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  • Dispositive,1 Intermediality and Society: Tales of the Bed in Contemporary Spain
  • Monique Martinez Thomas (bio)

The concepts “dispositive” and “intermediality” emerged at the same time and are becoming increasingly prominent. In this article, I propose to consider what intermediality brings to the dispositive, based on a case study of the diptych El Otro Lado de la Cama and Los Dos Lados de la Cama, two mainstream films from contemporary Spain in the early twenty-first century.

Dispositive theory has been developed in France by academics working in the fields of modern literature and theater at the University of Toulouse, notably Marie-Thérèse Mathet, Stéphane Lojkine, Philippe Ortel and Arnaud Rykner. In the late 1990s, this group adapted Foucault’s concept of the dispositive 2 to the fields of literature and art in general.3 In 2007, a group of Hispanists in Toulouse, including Monique Martinez, Emmanuelle Garnier and Euriell Gobbé Mévellec began applying dispositive “theory” to the Spanish language corpus. Writing in the journal Critique, Bernard Vouilloux named this group the “Toulouse School”.4 According to its founders, the concept of the dispositive can be used to renew approaches to artistic and literary works, since it combines and cross-fertilizes written and image-based arts, communication and sociology. It draws on what are often separate disciplines, and the legitimacy of its analysis is grounded in a shared space of “indiscipline,” in which several objects of study canbe analyzed simultaneously. The dispositive is a network of disparate means brought together at a particular moment in order to produce effects of meaning in the receiver. It comprises three superimposed and connected levels: the geometrical or technical level (the arrangement of elements in space by fiction), the pragmatic or scopic level (the interaction of several actants in front of the viewer) and the symbolic level (semantic and axiological values associated with spatial organization). In Ortel’s words, “Representation uses technical, visual and poetic means to portray a reality (I), which it then transmits to an audience (II) placed in a position to learn or judge (III)” (Ortel, “Vers” 46).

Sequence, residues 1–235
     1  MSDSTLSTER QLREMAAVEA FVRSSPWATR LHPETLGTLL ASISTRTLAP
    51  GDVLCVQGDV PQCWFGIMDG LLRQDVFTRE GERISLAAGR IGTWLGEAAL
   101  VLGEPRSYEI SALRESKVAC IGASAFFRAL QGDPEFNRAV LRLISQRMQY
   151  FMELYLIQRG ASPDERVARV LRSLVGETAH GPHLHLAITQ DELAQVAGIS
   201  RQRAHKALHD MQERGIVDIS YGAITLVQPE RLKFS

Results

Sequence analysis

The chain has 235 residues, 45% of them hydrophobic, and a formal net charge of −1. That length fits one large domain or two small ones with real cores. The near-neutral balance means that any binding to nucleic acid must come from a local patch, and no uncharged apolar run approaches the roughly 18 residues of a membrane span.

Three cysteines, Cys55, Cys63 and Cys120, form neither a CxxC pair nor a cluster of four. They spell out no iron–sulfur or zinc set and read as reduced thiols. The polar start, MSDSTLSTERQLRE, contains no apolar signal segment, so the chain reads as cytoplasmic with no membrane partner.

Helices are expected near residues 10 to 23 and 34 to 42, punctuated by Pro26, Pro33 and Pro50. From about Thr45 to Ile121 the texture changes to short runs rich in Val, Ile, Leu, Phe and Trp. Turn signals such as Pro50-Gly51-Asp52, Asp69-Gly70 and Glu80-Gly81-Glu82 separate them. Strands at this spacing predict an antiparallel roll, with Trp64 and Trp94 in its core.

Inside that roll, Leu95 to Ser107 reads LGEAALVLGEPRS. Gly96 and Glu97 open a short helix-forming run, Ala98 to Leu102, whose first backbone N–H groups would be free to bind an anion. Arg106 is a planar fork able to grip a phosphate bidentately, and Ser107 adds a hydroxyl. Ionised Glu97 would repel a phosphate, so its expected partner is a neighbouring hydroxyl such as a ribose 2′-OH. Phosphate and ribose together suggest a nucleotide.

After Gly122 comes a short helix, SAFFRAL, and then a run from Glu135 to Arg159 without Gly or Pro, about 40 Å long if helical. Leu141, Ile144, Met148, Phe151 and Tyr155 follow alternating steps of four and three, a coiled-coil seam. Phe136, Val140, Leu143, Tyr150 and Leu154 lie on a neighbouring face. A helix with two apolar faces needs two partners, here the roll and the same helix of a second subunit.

When these three levels are combined in a smooth fiction intended to construct a meaning that keeps the receiver in suspense in relation to the end, the representation is based on mimesis, involving separation from the outside world. In the theater, this is manifested by the opaque fourth wall, which separates the fictional world from that of the theater, the audience and reality. When the three levels are made visible, because they [End Page 98] are on display, in tension or even clashing, the potential for immersion in the fiction is greatly increased, precisely because the value system (III) is destabilized by exchange (II) and by the space and time (I) in which the representation claims its place. The concept also stamps art with an intrinsic variability, since the meaning of the work of art is rooted in the intersection between the organization of signs and their perception. As noted by Ortel, who defines this grey area as one of the key parameters in the functioning of these representations, “a dispositive is a matrix of potential interactions or, more simply still, an interactional matrix” (Discours 6). So the dispositive replaces the logic of “structure” and its positivist legacy with a set of shifting concepts that guide analysis precisely to reduce its capacity to predetermine its meaning.

As irrefutable proof of this evolution, the omnipresence of the word “dispositive” in the field of the visual arts, replacing the term “installation,” highlights the fundamental difference between the two. The dynamic “dispositive” is better suited to the spirit of our times than “installation,” which suggests something fixed and static. The Toulouse School has developed key concepts5 for the analysis of works of art, notably in relation to theater.6 The stage introduces the notion of the triangular dispositive, since it is defined as an “interaction between at least two actants watched by a third” (Lojkine). In this dispositive, the work of art unfolds in three dimensions, always with the receiver as eyewitness, calling on receivers to watch, and taking them out of the purely textual framework. So it generates a twofold...


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